1) Blood Father
2) Mother (who died of cancer in 1994)
3) Step Dad
4) My Wife

I switch at midnight, and rotate through again.

These are the four biggest influence on who I am, who I’ve been, and who I’m becoming.

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Share your dad story below….

8 Responses to “A Tale of Two Dads”

  1. James Potter says:

    That’s mean.

  2. Kelly Hamilton says:

    Why do you continue to pray for them now? What do you pray for?

  3. Edwin Soler says:

    Very moving. I will do the same. Pray for my mom, dad, step mother and step father and add people continually. I need to re-discover what power prayer has in my life too. Thanks for sharing.

  4. Our higher self (soul) chooses our parents for our soul’s growth, our personal growth, only we are not meant to be conscious of those choices, as the growth would not be as great. Our soul chooses our lives for the most growth, not the most convenience or ease. One day you will realize the blessings both of your dads were in your life.

    ChristineHoeflich.com

  5. Edward says:

    Are you still praying for the deceased Perry?

  6. Michael Johnson says:

    The rebellious nature of the succeeding generations in Western culture make it almost impossible to have any type of a trusting father-son relationship….Daddy is being supernaturally duped…”I come to bring division.”

    We are always competing against “mother” who has been enabled to usurp us, going back to Adam and Eve; we are always competing against the “prince of the air” AKA “the prince of this world”…The entire American culture is now OBSESSED with woman…We are looking more and more like a termite colony each day. If you don’t see this, then one might seek a deeper relationship with Jesus Christ…The author of AGAPE love, which has not one lick of flesh to do with it.

    “She” without “He” ultimately works for mother nature, who is a real bi-polar stumbling block for children in their introduction to the “ways of the Lord”… They HATE the Lord..

    The fifth commandment does not have any conditions, but it does have a promise.

    Call no earthly man your father…Only via Spirit does any restoration occur. Our kids are being programmed by the electronic devices, the media, and the propaganda machine to no longer trust us…They are being brainwashed to believe we hate them,,, because we ourselves have become so selfish in our own “needs”….Hedonism is the CANCER of all cancers.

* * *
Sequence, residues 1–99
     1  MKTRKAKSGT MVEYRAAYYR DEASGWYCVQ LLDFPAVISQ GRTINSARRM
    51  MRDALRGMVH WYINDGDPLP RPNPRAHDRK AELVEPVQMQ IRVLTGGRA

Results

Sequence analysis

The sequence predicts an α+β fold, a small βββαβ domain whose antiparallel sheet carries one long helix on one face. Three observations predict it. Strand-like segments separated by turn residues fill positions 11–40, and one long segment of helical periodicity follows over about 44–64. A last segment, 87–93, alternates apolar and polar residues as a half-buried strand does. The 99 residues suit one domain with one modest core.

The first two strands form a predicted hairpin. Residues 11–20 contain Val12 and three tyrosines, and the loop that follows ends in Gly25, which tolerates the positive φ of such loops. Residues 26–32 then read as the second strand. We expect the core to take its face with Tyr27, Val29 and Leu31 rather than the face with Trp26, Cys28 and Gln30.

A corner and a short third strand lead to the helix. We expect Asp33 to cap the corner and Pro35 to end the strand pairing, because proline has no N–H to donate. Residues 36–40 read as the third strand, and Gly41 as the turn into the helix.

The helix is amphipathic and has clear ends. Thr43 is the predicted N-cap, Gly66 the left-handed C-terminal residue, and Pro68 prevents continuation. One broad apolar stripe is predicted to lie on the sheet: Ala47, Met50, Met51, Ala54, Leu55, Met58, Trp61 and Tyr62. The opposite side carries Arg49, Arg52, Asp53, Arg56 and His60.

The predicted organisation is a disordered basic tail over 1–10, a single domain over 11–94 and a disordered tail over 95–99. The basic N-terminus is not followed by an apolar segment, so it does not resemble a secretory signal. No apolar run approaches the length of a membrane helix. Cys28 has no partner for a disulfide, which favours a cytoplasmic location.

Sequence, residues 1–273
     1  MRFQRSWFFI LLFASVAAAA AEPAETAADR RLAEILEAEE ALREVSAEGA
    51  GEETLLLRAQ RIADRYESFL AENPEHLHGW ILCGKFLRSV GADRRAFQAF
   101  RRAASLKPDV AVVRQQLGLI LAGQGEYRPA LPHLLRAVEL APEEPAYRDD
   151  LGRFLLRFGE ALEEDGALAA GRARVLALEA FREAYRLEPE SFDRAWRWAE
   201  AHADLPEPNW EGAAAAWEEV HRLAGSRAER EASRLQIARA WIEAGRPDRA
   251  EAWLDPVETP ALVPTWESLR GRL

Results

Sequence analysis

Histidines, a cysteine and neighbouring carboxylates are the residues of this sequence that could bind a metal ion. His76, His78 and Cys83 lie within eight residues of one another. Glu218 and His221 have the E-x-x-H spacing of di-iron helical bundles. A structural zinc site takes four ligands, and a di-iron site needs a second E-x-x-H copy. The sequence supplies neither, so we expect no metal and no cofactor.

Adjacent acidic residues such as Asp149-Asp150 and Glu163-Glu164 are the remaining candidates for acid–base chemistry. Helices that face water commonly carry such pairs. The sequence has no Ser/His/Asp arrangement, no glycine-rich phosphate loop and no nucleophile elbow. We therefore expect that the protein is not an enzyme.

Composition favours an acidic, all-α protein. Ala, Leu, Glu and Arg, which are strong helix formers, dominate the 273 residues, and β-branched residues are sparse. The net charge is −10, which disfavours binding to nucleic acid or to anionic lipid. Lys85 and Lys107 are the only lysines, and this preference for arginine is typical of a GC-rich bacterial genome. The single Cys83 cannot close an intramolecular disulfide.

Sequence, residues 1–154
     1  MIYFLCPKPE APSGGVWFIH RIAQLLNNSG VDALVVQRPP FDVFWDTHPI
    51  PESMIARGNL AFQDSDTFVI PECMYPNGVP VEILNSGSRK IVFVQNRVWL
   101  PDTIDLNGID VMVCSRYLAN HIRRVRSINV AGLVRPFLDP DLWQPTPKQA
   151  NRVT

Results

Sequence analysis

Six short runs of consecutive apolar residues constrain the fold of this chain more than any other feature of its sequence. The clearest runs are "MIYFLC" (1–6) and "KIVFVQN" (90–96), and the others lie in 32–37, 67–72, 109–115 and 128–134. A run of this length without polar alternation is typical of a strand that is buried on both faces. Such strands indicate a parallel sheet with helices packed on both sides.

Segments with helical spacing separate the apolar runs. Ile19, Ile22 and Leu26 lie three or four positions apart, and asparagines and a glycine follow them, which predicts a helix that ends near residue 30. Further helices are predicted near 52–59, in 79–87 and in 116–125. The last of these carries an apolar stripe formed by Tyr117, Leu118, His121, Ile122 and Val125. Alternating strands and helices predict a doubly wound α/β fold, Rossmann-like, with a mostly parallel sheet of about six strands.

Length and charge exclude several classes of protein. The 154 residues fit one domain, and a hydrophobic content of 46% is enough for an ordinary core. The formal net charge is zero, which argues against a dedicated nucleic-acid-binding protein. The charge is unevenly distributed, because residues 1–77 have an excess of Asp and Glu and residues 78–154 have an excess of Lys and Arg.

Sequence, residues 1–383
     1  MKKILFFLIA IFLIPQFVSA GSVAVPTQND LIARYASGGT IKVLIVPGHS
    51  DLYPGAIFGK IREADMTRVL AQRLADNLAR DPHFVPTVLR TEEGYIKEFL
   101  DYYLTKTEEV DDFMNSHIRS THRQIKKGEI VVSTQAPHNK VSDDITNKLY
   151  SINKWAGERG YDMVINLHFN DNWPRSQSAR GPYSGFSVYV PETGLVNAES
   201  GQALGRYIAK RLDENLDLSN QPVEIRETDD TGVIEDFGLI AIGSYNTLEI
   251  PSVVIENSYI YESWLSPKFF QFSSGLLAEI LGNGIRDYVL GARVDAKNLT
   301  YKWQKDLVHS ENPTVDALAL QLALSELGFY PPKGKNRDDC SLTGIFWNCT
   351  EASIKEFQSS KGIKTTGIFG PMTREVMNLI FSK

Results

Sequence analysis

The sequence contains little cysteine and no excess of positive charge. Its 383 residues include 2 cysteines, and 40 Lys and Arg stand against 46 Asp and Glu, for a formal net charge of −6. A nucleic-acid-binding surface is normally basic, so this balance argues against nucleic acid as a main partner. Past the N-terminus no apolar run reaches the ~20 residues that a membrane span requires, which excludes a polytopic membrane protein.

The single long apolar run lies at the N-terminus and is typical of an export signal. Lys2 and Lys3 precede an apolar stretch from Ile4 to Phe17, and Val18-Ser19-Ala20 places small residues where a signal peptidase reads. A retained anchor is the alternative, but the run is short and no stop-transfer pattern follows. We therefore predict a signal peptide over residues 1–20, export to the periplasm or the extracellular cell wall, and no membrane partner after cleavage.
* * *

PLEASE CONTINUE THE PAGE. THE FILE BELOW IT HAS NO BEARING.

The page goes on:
Sadly in the West, MOST children are negatively conditioned by B.U.S.Y. (Being Under Satan’s Yoke)parents, and are stuffed into blended families….EVERYWHERE i go seemingly as of late, no young man or woman has anything good to say about their father. More than half have NO relationship with him… This is the product of the propaganda machine, which gained steam after World War II…

    Jesus is tenderly calling, and these children need to be exposed to TRUTH, a lifelong career considered to be the primary responsibility of their parents,,, father first.

    When momma refuses to let daddy exercise his God given right to place her under subjection in love, how can he have on iota of credibility and respect from his family???

    The condition of a family, church, nation, planet,,, in the physical realm, will always ultimately “fall” into the keeper of the womb. Spared for the gift of childbearing.

    “Notwithstanding, THEY shall be saved in childbearing, if they continue in faith and charity and holiness with sobriety.”

    …Sounds like an Asian culture of collectivism to me?

    The flesh is doomed…For it is contrary to His Spirit, and exists in a fallen state, headed towards entropy.

    Jesus is the ONLY answer, after being born from your momma’s womb, you gotta sacrifice this organic tabernacle and find whatever means necessary to allow Jesus to abide in you HEART, 100%, fulfilling the requirement of “Ye must be born again”

  7. david savage says:

    I think that is very touching. To be so damaged by an drunk dad, to be able to really genuinely forgive such wickedness without allowing the bastard to lash out one last time. To have become whole at last with the love of a great step dad. Being a dad is tough, being a son is tough. It is only love that can resolve it all.

    thank you Perry